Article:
Denver, says Dean Simon, is prime culinary territory for a "markedly unique concept," in this case, a fast-casual, gourmet waffle sandwich shop that goes by the name of Bruxie, the "i" of which is roofed with black, red and yellow dots, the colors of which are representative of Belgium, home, of course, to the prized Belgian waffle.
Simon, along with his co-partner (and coffee connoisseur) Kelly Mullarney opened the first Bruxie store in Orange, California, in a 400-square-foot space that formerly held the city's original walk-up hamburger shack. Since then, the co-founders have opened an additional five stores across Southern California, choosing Denver as its first out-of-state location in which to share the waffle love. "We knew we wanted to take our concept out of Orange County, and as we were thinking of cities that really appreciate good food, Denver, from our perspective, was front and center as a city that's food- and chef-centric and would appreciate our concept," explains Simon. And the fact that he and Mullarney knew that they had two other very capable partners in Colorado, Jeff Goodman and Matt Stein -- both with formidable restaurant backgrounds -- just added more validity to their decision.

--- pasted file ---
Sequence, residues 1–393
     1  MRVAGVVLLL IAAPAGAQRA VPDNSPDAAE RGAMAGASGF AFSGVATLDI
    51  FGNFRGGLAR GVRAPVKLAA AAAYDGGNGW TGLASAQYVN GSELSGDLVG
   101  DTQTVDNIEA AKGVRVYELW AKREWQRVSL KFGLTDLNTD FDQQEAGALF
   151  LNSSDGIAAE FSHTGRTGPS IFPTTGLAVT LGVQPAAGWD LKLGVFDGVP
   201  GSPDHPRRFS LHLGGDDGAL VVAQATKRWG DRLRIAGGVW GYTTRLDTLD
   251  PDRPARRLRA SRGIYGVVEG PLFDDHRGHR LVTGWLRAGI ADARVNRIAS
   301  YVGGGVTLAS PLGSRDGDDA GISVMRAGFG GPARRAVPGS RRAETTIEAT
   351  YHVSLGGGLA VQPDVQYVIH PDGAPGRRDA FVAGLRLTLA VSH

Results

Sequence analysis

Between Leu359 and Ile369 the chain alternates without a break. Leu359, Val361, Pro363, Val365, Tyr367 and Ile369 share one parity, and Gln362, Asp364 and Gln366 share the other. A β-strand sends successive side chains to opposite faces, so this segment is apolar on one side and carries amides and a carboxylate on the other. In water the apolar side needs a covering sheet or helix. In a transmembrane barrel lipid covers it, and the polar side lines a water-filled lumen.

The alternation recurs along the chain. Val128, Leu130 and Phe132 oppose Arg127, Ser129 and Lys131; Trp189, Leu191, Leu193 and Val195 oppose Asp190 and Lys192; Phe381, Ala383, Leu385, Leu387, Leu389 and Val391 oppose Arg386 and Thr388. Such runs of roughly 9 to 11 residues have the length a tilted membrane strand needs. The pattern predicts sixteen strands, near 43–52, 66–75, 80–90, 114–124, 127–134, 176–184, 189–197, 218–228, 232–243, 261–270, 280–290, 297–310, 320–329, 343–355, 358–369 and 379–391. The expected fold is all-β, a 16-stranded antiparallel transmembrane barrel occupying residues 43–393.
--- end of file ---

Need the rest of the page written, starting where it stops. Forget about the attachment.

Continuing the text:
"At one point, we all knew each other and worked together in Southern California, and we're really excited about the formation of this partnership," says Stein, a chef who put in time at Le Cirque and the 101 Club in New York, Water Grill in Los Angeles and at the long-gone Gordon's in Aspen, a restaurant that earned the chef a coveted spot on Food & Wine magazine's Best New Chef roster. "Dean and Kelly created an amazing fast-casual concept with Bruxie: gourmet food with great guest service," adds Stein.
Goodman, for his part, managed the Four Seasons hotel in Philadelphia and opened a second one in Manhattan; oversaw operations and the wine program at various Morton's The Steakhouse restaurants; worked alongside Stephen Starr and assumed the role of director of restaurants -- and later vice president of strategic development and strategic planning -- for Starr's empire; and, most recently, held the position of COO of King's Seafood Company, which owns Water Grill.
And all four men have an unwavering affinity for the "bold fold" -- Bruxie jargon for the waffle sandwich. "From the outside -- not as a founder, but as chef -- it's all about making a great dish into a sandwich," says Stein. "It's about well thought out and composed flavors that really pop and explode, and it's about creating sandwiches where every ingredient has a purpose and the compelling flavors move you to the next bite," he notes.